Wednesday, September 14, 2011

Plot Lines

In pre-blogging days, when I could say things down the pub and sound clever, I used to say that once the Odyssey was written there were no new stories left to write. On the interweb you can't be so glib and breezy, because someone will ask you to explain or defend what you say. Which is as it should be.

Over at A Wayfarer’s Notes, a couple of weeks ago, I briefly intervened in a discussion of the blogger’s reaction to a reading of the Epic of Gilgamesh. An assertion I made was questioned and I intended to expand on my comment. The thread quickly transcended any minor point that I might have been able to make and became a mini-epic in its own right, with bloody fights, alliances made and broken and remade, peripheral skirmishes brought into the main action, and the final resolution, manifesting the triumph of the greatness of the human spirit, and, very unusually for a blog thread, the original point of the post was clarified, illuminated and understood. (And right at the end, just a tiny hint that there might be sequel in the offing...)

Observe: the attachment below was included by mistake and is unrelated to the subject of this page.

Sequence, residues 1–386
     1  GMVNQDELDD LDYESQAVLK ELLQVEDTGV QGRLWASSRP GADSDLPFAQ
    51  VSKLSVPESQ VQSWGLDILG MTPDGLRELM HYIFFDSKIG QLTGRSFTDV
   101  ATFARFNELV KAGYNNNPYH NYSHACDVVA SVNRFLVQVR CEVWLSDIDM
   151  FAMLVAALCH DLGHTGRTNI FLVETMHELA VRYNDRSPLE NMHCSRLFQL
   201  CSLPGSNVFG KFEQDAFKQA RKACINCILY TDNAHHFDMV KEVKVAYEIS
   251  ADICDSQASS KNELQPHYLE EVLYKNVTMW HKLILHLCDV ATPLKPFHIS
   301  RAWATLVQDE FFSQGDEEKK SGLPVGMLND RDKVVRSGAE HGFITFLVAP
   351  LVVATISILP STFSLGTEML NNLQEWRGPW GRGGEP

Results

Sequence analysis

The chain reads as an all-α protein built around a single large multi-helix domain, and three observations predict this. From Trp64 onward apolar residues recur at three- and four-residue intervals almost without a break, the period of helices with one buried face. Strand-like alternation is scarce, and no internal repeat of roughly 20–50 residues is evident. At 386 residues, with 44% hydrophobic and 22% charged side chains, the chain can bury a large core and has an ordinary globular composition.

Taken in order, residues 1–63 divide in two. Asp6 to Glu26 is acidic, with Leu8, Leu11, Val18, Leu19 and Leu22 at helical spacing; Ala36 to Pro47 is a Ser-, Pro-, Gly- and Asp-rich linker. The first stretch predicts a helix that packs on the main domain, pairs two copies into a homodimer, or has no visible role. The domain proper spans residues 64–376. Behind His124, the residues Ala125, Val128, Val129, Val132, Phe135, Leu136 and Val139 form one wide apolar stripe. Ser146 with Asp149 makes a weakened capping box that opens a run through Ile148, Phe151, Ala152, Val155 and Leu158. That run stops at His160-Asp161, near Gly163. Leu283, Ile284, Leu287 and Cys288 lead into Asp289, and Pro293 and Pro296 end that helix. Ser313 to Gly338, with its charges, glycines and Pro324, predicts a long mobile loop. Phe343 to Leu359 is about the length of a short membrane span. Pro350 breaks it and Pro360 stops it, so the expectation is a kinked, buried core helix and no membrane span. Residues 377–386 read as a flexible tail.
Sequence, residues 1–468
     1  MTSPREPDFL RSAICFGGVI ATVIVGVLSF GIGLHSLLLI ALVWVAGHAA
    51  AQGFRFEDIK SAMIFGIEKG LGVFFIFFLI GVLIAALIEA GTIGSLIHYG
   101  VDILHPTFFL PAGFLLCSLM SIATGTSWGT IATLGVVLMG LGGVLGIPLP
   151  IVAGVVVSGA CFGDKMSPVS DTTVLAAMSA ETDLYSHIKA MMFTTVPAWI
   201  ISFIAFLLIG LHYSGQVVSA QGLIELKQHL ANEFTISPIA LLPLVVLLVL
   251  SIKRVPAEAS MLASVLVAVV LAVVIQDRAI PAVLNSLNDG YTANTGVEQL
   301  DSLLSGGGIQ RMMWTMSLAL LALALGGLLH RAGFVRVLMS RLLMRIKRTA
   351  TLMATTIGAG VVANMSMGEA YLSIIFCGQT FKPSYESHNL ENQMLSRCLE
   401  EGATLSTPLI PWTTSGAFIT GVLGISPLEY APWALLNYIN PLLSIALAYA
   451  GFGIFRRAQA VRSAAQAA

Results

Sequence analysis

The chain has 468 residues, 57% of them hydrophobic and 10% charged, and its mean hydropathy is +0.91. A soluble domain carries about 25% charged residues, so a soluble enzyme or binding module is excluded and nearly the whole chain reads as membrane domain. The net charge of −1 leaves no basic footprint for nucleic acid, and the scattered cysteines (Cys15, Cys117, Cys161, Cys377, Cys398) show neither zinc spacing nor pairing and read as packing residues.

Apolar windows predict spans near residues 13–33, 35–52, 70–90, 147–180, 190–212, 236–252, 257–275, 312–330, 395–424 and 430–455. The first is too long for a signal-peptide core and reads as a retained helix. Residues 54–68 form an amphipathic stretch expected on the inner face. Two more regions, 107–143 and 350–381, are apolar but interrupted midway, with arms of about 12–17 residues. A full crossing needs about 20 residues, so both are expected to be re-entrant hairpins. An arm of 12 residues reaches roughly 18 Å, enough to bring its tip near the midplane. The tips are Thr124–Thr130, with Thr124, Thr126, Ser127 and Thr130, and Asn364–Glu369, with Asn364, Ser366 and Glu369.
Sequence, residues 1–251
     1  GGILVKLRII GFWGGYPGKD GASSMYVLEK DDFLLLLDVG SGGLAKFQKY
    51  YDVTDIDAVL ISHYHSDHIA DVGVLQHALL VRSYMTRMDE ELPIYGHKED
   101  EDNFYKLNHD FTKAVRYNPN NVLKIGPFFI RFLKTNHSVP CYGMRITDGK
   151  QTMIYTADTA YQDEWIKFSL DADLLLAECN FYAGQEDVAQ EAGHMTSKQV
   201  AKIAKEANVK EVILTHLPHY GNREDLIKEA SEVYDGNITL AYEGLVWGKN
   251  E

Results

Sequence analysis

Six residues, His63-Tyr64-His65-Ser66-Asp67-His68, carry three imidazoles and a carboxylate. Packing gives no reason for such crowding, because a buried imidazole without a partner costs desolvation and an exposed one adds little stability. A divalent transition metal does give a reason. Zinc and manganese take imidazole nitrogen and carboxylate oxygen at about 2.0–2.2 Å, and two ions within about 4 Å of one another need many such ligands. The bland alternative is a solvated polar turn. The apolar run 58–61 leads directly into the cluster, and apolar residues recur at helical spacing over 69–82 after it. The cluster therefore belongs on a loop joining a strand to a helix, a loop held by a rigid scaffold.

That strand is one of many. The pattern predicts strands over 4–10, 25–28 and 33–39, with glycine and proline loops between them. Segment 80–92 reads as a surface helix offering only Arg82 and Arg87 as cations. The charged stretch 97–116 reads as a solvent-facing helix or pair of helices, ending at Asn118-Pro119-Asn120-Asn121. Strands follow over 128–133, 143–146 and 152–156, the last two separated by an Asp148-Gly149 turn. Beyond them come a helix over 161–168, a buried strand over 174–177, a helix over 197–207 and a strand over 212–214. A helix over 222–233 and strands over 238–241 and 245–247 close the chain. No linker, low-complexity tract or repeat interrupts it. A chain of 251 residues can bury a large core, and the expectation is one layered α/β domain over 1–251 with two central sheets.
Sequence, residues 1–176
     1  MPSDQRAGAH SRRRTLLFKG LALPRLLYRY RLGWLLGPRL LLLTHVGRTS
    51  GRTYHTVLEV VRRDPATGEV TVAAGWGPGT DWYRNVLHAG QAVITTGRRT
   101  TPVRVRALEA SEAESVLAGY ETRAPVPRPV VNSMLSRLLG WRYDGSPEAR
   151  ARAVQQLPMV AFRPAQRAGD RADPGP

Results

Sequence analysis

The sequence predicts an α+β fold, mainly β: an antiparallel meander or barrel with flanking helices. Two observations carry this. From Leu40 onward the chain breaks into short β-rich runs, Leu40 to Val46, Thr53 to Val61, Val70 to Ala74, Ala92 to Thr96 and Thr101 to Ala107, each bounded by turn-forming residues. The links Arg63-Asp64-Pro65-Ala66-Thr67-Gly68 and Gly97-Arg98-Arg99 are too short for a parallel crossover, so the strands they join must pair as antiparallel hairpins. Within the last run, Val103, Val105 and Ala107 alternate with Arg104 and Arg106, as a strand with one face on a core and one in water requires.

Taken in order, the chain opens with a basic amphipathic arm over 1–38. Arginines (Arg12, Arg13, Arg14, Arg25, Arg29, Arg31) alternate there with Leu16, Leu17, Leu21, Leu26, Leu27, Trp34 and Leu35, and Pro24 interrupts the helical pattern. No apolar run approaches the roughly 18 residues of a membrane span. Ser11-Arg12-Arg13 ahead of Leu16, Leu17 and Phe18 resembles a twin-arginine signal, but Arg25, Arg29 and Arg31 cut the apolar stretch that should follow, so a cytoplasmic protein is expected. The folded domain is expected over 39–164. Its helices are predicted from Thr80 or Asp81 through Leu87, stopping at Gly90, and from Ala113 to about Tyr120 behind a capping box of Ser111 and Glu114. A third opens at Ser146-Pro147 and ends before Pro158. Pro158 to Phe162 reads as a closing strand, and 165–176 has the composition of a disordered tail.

I do, however,  think that most, or all, stories, their plotlines that is, follow an essential, basic pattern:

People, context (where, relations, etc), unacceptable (because bad, unexplained) situation => acceptable (because good, desired, satisfying, coherent) situation through medium of central character